[lg policy] book notice: Literacy in the Persianate World: Writing and the Social Order,

Harold Schiffman haroldfs at GMAIL.COM
Sun Mar 4 16:08:28 UTC 2012

I am happy to announce the publication of
Literacy in the Persianate World:
Writing and the Social Order,
edited by Brian Spooner and William L. Hanaway,
Philadelphia: University of Pennsylvania Press, 2012.

Persian has been a written language since the sixth century B.C. Only
Chinese, Greek, and Latin have comparable histories of literacy. Although
the Persian script changed, first from cuneiform to a modified Aramaic,
then to Arabic, from the ninth to the nineteenth centuries it served a
broader geographical area than any language in world history. It was the
primary language of administration and belles lettres from the Balkans
under the earlier Ottoman Empire to Central China under the Mongols, and
from the northern branches of the Silk Road in Central Asia to southern
India under the Mughal Empire. Its history is therefore crucial for
understanding the function of writing in world history.

Each of the chapters opens a window onto a particular stage of this
history, starting from the reemergence of Persian in the Arabic script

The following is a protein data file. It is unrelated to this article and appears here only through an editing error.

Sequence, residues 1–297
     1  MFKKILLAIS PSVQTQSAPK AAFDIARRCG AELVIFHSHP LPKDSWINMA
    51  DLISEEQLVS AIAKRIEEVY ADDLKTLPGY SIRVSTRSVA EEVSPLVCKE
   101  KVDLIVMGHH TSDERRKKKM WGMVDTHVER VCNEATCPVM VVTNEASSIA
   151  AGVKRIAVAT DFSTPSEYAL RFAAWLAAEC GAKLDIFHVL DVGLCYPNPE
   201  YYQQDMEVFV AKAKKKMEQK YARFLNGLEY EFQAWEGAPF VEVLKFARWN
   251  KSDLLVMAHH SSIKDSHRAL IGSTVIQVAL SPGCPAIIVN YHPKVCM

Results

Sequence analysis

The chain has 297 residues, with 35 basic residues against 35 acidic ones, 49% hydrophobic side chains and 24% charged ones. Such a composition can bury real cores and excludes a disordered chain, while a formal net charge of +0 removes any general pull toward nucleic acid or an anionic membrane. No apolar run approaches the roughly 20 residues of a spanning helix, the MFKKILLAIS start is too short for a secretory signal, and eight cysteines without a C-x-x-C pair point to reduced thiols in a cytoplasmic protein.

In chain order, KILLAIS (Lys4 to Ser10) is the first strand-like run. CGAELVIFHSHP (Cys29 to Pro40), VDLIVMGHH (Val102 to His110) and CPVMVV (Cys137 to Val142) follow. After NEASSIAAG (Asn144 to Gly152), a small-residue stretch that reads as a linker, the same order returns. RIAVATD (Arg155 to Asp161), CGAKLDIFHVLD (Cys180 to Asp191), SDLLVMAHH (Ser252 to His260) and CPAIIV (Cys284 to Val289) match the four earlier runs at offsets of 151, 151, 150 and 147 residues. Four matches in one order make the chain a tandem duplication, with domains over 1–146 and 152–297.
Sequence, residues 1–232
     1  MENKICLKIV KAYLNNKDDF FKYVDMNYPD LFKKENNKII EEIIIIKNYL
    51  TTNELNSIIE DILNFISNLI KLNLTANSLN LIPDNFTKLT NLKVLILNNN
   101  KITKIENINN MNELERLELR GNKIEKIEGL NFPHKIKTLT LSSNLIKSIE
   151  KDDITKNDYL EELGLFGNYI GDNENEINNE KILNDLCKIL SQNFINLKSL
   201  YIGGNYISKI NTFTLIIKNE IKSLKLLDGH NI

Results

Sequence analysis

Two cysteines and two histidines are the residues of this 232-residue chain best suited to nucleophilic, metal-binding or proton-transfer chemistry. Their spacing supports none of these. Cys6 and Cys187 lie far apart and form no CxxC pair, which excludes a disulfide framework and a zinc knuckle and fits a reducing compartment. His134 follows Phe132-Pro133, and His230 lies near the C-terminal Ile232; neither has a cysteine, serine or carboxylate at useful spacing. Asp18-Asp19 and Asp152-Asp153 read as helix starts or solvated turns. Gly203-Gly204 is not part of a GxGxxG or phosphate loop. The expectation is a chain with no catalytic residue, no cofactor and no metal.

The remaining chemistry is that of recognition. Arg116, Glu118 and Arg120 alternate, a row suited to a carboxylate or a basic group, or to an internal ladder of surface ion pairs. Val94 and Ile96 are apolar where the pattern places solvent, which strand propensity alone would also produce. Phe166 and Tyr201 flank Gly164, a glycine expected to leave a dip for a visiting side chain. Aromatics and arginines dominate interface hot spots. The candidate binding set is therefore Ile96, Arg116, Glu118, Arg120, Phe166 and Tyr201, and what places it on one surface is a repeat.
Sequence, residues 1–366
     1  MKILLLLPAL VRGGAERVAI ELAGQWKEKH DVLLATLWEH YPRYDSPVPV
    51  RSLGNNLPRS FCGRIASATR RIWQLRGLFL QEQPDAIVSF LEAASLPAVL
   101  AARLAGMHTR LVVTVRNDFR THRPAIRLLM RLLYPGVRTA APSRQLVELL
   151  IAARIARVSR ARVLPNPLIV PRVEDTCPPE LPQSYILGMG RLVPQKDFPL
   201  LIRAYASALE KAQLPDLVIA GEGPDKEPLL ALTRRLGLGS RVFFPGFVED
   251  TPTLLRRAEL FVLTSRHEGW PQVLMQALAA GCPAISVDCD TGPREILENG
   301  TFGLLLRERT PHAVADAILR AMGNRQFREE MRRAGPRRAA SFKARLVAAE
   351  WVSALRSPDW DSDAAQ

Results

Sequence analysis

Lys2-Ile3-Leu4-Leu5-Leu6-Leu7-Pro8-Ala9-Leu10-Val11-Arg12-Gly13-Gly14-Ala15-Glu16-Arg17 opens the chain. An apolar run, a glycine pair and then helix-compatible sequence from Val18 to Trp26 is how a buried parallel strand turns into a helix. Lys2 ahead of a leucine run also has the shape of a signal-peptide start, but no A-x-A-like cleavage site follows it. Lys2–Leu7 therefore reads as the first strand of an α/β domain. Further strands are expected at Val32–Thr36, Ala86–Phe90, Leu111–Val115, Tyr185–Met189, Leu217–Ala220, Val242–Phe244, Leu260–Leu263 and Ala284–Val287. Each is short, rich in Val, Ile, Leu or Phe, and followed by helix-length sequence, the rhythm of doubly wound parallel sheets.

after the Arab-Islamic conquest in the seventh century A.D., through the
establishment of its administrative vocabulary, its literary tradition, its
expansion as the language of trade in the thirteenth century, and its
adoption by the British imperial administration in India, before being
reduced to the modern role of national language in three countries
(Afghanistan, Iran, and Tajikistan) in the twentieth century. Two
concluding chapters compare the history of written Persian with the
parallel histories of Chinese and Latin, with special attention to the way
its use was restricted and channeled by social practice.

This is the first comparative study of the historical role of writing in
three languages, including two in non-Roman scripts, over a period of two
and a half millennia, providing an opportunity for reassessment of the work
on literacy in English that has accumulated over the past half century. The
editors take full advantage of this opportunity in their introductory essay.

The first 33 pages may be viewed on Google Books at

Brian Spooner
>> Professor of Anthropology
>> Museum Curator for Near East Ethnology
>> Interim Co-Director, Lauder Institute of Management and International
>> Studies,
>> Chair, Graduate Group in International Studies
>> Penn Museum, room 508
>> 3260 South Street
>> University of Pennsylvania
>> spooner at sas.upenn.edu
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